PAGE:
Paradise said a Walker campaign analysis found that nine of the 10 counties with the highest turnout Monday were counties Walker won in November with a combined 70 percent of the vote. He added that of the state’s most populous counties — those with more than 100,000 registered voters — it was two Republican strongholds, Hall and Forsyth, that posted the highest turnout percentages Monday. Paradise said those trends reflect high enthusiasm among Republicans.
Still, Republicans have catching up to do.
According to state voting data compiled by Ryan Anderson, an independent analyst in Atlanta, four of the state’s five Democratic-held congressional districts had already seen advance turnout through Tuesday of at least 43 percent of the total early vote for the November election, when every Georgia county had at least 17 days of early in-person voting. Just one of Georgia’s nine Republican-held congressional districts had eclipsed that 43 percent mark.
Warnock first won the seat as part of concurrent Senate runoffs on Jan. 5, 2021, when he and Jon Ossoff prevailed over Republican incumbents to give Democrats narrow control of the Senate for the start of President Joe Biden’s tenure. Warnock won a special election and now is seeking a full six-year term.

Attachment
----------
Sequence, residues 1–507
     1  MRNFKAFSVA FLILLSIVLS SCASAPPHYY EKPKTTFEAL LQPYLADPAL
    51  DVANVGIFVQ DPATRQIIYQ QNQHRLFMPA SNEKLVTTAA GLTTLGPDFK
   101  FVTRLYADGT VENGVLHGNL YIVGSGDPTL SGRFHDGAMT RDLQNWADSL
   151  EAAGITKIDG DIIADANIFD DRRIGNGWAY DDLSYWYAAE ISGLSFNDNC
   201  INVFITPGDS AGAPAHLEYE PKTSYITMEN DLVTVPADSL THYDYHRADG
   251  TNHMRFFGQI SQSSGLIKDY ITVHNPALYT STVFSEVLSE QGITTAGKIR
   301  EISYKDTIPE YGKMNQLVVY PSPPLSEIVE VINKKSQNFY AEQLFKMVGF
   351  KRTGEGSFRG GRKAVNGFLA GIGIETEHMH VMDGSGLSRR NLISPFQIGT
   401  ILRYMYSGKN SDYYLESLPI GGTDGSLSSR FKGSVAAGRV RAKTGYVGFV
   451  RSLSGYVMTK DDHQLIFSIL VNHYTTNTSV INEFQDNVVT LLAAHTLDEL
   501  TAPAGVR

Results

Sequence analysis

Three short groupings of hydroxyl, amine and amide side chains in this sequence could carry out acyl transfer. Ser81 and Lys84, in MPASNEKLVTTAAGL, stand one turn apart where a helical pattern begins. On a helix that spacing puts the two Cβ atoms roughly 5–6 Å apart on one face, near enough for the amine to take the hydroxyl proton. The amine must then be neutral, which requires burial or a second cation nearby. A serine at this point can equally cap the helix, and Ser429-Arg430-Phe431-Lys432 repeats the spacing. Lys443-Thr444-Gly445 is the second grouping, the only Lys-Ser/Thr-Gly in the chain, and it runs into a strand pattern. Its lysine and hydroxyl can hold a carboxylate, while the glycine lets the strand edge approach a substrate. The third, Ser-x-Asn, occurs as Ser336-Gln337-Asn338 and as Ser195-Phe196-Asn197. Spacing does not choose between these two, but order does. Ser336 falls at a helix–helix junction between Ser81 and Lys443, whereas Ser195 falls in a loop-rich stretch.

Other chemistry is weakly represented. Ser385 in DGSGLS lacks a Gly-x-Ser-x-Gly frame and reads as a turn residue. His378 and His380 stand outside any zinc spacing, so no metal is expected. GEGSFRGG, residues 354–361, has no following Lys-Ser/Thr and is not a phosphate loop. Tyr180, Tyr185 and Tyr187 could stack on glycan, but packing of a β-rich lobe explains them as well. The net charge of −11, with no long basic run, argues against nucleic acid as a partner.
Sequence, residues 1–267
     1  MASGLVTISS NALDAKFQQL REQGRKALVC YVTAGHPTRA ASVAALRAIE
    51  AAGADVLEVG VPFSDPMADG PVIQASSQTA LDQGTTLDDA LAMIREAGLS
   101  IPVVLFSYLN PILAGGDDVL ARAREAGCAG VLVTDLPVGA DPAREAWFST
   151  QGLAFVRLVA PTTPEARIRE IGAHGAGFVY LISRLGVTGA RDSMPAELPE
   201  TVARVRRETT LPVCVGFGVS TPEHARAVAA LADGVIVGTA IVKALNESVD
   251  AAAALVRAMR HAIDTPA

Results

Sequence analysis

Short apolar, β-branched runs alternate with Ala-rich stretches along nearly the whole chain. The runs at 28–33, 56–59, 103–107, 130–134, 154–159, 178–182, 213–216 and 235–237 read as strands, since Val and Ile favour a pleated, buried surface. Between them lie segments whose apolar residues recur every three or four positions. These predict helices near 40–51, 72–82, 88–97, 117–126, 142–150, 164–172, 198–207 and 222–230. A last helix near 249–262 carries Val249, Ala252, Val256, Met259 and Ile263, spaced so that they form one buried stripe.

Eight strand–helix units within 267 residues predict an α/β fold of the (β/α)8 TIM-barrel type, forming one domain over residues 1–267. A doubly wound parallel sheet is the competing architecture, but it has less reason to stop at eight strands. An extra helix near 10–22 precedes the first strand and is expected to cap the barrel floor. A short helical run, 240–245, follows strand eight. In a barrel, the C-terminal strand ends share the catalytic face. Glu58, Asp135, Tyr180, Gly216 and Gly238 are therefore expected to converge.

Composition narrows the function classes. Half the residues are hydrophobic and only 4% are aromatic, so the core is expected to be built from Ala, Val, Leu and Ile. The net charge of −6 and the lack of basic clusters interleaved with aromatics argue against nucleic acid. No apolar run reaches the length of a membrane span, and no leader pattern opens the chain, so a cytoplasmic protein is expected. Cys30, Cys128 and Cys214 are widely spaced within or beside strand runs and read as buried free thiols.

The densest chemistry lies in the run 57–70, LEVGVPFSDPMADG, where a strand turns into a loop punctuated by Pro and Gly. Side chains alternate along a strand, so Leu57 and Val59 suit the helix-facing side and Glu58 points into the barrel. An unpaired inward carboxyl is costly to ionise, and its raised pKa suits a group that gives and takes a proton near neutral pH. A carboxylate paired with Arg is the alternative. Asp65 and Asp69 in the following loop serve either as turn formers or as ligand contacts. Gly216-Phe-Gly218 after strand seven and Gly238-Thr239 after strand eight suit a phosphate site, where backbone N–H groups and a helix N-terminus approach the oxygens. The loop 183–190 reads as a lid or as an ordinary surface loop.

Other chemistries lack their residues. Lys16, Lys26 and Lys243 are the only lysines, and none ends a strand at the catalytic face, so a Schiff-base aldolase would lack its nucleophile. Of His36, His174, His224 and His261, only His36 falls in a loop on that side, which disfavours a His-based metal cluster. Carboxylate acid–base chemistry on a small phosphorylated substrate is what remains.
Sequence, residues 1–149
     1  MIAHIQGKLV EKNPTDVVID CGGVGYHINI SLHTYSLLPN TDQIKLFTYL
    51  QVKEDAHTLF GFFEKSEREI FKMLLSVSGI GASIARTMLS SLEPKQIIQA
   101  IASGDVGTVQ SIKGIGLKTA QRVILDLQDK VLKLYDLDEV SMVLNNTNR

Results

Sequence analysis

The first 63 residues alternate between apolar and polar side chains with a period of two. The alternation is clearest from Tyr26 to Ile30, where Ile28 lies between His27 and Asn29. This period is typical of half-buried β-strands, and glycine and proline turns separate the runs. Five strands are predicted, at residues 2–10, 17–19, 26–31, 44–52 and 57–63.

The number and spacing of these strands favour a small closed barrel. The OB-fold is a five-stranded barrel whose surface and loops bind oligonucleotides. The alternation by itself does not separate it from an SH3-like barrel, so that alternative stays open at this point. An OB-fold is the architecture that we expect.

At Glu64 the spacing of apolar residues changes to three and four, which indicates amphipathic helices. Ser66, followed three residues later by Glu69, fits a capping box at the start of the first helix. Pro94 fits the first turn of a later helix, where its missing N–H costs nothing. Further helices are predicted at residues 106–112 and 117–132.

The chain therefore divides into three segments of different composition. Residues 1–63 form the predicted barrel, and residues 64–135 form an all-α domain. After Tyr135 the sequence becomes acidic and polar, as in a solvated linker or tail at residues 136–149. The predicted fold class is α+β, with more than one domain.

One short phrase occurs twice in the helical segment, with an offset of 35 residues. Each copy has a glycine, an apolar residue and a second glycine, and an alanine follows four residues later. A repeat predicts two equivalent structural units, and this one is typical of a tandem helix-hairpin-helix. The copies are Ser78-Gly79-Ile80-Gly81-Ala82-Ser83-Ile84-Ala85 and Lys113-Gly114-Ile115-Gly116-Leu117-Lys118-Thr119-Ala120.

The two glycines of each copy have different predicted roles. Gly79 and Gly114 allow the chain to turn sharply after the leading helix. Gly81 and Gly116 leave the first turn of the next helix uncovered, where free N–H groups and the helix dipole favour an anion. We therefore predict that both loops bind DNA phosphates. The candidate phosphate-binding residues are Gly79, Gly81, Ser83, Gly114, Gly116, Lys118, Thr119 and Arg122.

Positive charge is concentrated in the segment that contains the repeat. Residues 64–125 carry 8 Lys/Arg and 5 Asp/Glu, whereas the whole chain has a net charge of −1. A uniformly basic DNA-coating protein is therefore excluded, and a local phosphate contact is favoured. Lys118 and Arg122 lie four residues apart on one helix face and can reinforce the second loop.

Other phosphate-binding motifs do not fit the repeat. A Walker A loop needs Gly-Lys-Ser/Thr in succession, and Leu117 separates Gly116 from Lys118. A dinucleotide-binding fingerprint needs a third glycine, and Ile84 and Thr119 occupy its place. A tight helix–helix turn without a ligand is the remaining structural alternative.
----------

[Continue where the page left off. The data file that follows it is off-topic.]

This time, Senate control is not in play: Democrats have already secured 50 seats and have Vice President Kamala Harris’ tiebreaking vote. That puts pressure on both Warnock’s and Walker’s campaigns to convince Georgia voters that it’s worth their time to cast a second ballot, even if the national stakes aren’t as high.
Warnock got about 70 percent of his overall first-round votes from advance voting; for Walker, it was about 58 percent. That translated to an advantage of more than 256,000 votes for Warnock. Walker answered with an Election Day advantage of more than 200,000.
The senator’s campaign, Democratic Party committees and aligned political action committees have tailored their voter turnout efforts toward early voting. Republicans have countered with their own wide-ranging push, including a direct-mail push from one super political action committee featuring Gov. Brian Kemp, who got 200,000 more votes than Walker to win a second term comfortably.
Yet Republicans are battling some internal party narratives, including from former President Donald Trump, that question some advance voting, especially mail-in ballots, pushing some Republicans toward an Election Day ballot. As recently as Tuesday, Trump declared on social media that “YOU CAN NEVER HAVE FAIR & FREE ELECTIONS WITH MAIL-IN BALLOTS – NEVER, NEVER NEVER. WON’T AND CAN’T HAPPEN!!!”
Walker himself does not mention early in-person voting or mail-in ballots at all as he urges his supporters to vote.
Democrats, meanwhile, see Obama as a key figure in repeating Warnock’s advance voting lead, because the former president remains intensely popular among core Democrats and has a solid standing among independents.
Story by Bill Barrow and Jeff Amy.